AFFECTIVE SIGNALS - BREAKING THE CODE
 
As therapists we have a basic question that underlies our work: what are the mechanisms of change and what are the signals that activate them? Imagine that each dimension in the dimensional model has a door with a combination lock. The doors are the natural buffers of the body against unwanted external influences. In our daily life, these buffers allow only particular events to influence our system while others are deflected (Fig. 1.3). For example, the neuromuscular system adapts to certain events such as repetitive exercise but not to single motor events, consequently 'forgetting' many insignificant daily actions. The signals that do activate the processes and behaviour of the system are the code elements in the combination lock. Each of the three dimensions has a door with its own particular (and highly specific) combination code. Events that contain a large number of the code elements will be more successful in bypassing these buffers. Essentially, manual therapy is an external influence. Being such, we need to make sure that our techniques will have a lasting effect and not be discarded by the system. Therefore our manual therapy techniques should contain these code elements, and in some way 'mimic' natural processes associated with repair and adaptation, i.e. identify the natural signals needed for repair and adaptation and incorporate them into our manual therapy techniques. Probably one of the most important tasks in manual therapy is to identify these code elements or signals. Once identified, we can add these signals to our manual therapy techniques. This would provide us with more accurate and dimension-specific manual therapy techniques. As we will see throughout the book, each dimension requires different signals and therefore will only respond to specific forms of manual therapy techniques. For example, a manual therapy technique that is effective for assisting repair (tissue dimension) may be ineffective for rehabilitating balance (neurological dimension). This book will aim to identify the most affective signals for each dimension and the manual therapy techniques that contain these signals for change.

OTHER DIMENSIONAL LEVELS
 
It is worth considering that there may be other dimensions and related physiological responses that are affected by manual therapy techniques. These dimensions may be affected in ways that currently cannot be described or explained in scientific or physiological terms (see Fig. 1.2). For example, the concept of meridians and bioenergy forms an important part of several manual disciplines such as shiatsu and Do-In. These dimension are outside the scope of this book and their exclusion does not refute their existence or clinical use.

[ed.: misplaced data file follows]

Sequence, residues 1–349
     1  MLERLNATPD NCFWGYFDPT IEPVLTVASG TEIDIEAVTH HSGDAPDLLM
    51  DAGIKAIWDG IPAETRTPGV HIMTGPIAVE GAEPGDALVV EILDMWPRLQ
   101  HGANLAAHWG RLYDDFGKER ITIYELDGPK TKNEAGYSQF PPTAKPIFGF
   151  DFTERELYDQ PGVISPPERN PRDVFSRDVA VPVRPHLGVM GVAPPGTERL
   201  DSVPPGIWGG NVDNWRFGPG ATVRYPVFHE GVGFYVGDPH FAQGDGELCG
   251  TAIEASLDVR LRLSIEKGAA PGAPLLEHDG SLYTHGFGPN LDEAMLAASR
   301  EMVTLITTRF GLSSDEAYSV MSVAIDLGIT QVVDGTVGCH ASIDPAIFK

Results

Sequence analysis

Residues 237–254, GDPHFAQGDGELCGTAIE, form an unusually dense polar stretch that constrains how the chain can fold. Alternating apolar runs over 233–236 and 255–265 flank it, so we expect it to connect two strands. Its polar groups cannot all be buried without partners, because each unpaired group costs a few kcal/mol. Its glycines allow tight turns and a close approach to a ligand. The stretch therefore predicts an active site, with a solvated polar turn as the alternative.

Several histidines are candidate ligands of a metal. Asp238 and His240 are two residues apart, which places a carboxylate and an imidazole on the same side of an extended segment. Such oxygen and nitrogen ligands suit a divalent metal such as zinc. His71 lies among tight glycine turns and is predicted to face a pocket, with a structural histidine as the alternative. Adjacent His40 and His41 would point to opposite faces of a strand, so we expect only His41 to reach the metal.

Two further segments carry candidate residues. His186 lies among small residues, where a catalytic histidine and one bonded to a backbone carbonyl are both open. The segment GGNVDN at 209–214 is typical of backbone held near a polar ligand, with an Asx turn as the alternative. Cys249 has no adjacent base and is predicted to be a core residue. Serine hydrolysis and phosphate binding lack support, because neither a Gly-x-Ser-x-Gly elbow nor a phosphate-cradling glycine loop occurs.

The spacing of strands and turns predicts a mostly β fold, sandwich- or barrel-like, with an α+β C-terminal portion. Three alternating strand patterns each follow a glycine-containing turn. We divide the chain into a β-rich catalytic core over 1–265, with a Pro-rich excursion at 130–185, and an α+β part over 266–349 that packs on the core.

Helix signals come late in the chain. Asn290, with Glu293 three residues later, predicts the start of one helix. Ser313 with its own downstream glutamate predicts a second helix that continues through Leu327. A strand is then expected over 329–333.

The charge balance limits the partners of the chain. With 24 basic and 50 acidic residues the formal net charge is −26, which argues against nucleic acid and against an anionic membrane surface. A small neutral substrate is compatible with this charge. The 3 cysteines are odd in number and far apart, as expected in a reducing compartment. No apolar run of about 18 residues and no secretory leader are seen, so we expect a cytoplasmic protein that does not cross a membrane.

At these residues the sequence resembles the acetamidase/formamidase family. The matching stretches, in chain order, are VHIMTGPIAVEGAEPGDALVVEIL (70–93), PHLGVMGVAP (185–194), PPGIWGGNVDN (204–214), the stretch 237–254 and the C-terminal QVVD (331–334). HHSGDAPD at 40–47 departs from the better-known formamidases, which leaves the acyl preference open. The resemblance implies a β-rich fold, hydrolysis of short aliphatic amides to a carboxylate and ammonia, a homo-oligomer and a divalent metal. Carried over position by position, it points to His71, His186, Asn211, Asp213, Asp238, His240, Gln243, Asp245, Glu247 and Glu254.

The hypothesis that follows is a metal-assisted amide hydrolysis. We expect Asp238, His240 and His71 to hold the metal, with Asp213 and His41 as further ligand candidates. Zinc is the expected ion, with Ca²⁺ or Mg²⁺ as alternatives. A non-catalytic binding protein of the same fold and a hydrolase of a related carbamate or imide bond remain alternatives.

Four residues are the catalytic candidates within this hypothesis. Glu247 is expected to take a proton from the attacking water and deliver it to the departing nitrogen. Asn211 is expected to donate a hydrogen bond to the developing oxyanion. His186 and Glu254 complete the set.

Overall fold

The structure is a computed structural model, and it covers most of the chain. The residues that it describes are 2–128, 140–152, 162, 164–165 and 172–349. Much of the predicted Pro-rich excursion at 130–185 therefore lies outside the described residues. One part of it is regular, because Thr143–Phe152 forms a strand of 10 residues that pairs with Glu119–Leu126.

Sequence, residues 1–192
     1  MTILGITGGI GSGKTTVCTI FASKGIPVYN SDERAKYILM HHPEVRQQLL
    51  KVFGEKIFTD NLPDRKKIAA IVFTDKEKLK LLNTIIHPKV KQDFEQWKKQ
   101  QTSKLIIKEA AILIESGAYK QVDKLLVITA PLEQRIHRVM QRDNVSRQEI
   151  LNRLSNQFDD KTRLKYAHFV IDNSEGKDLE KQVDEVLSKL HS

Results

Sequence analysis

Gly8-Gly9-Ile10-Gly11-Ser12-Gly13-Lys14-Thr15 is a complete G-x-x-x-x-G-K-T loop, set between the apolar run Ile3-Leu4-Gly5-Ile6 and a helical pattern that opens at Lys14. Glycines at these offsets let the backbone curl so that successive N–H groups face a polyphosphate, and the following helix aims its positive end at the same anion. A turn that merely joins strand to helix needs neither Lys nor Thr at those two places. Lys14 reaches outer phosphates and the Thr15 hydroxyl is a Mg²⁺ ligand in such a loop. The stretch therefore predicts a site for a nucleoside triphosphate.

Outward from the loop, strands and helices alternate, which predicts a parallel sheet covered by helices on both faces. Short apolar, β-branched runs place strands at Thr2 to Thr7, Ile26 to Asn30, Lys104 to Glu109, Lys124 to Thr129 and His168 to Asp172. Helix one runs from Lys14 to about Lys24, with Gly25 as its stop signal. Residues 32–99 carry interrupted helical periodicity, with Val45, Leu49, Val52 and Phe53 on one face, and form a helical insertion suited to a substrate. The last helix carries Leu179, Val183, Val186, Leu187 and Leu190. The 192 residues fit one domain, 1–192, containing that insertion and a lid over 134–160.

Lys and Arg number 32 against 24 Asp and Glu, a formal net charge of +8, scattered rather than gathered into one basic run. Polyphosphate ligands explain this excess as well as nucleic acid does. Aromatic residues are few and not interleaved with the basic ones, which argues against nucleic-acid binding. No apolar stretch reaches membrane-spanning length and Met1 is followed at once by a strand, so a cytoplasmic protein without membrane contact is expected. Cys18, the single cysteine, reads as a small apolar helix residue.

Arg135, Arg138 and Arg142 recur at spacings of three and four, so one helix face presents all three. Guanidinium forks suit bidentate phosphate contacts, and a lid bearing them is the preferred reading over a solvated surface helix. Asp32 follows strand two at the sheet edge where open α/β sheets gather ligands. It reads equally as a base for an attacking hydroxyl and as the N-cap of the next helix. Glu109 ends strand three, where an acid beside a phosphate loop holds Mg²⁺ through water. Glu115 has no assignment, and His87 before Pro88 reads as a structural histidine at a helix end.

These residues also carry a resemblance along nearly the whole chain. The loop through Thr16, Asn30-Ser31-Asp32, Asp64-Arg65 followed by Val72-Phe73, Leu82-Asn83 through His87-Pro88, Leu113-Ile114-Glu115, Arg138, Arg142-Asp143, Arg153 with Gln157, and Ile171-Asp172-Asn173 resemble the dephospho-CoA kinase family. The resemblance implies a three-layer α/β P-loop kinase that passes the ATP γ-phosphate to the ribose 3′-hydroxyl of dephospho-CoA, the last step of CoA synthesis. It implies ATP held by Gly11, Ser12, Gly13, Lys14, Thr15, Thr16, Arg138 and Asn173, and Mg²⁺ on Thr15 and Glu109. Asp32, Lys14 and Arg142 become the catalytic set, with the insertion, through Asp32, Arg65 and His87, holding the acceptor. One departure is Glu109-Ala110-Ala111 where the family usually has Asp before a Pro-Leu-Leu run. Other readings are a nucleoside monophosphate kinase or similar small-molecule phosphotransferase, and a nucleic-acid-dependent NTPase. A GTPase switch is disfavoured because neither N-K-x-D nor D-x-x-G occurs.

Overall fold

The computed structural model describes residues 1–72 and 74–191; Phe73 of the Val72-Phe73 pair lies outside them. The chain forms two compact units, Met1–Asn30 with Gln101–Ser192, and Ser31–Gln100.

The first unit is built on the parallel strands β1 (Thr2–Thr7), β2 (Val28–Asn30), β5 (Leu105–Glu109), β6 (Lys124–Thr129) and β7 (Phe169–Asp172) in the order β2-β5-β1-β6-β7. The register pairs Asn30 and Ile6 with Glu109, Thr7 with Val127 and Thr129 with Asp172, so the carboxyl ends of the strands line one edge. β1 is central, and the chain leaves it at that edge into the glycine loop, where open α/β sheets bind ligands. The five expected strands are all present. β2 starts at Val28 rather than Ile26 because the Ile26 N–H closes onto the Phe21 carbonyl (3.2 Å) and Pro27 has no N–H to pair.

PAIN RELIEF AND PAIN MANAGEMENT IN MANUAL THERAPY
 
Every manual therapist is a pain management unit. One of the most common motivating factors for patients to take up manual therapy is for pain relief. Manual therapy, in its many forms, is probably the major method, after medication, for the relief of musculoskeletal pain. This book will examine why manual therapy has such a potent positive influence on pain processes and how we can develop our techniques to be therapeutically more effective. The dimensional model of manual therapy will be used to explore the mechanisms by which manual therapy may affect pain. Manual pain relief can be seen to occur in the three dimensions: on a local tissue level by direct mechanical stimulation of the damaged area, in the neurological dimension by the activation of gating mechanisms, and in the psychological dimension by the psychodynamic emotive influences of touch. Pain is not a system on its own but is profoundly intertwined with repair and behavioural processes in the body/individual. Therefore, the effects of manual therapy on pain processes are discussed throughout the book. However, some of the chapters relate directly to manual pain relief:
     Tissue dimension - the effects of manual therapy on pain processes in the tissue dimension are discussed in Section 1, Chapter 6, in context with tissue repair.
     Neurological dimension - in Section 2, manual pain relief is discussed in conjunction with behavioural motor processes and motor reorganization in response to injury. In Chapter 17, the direct neurological gating effects of manual therapy on pain are discussed.
     Psychological dimension - the psychological effects of manual therapy on pain perception are discussed in Section 3. In Chapter 26, there is a review of the psychological mechanisms associated with manual pain relief.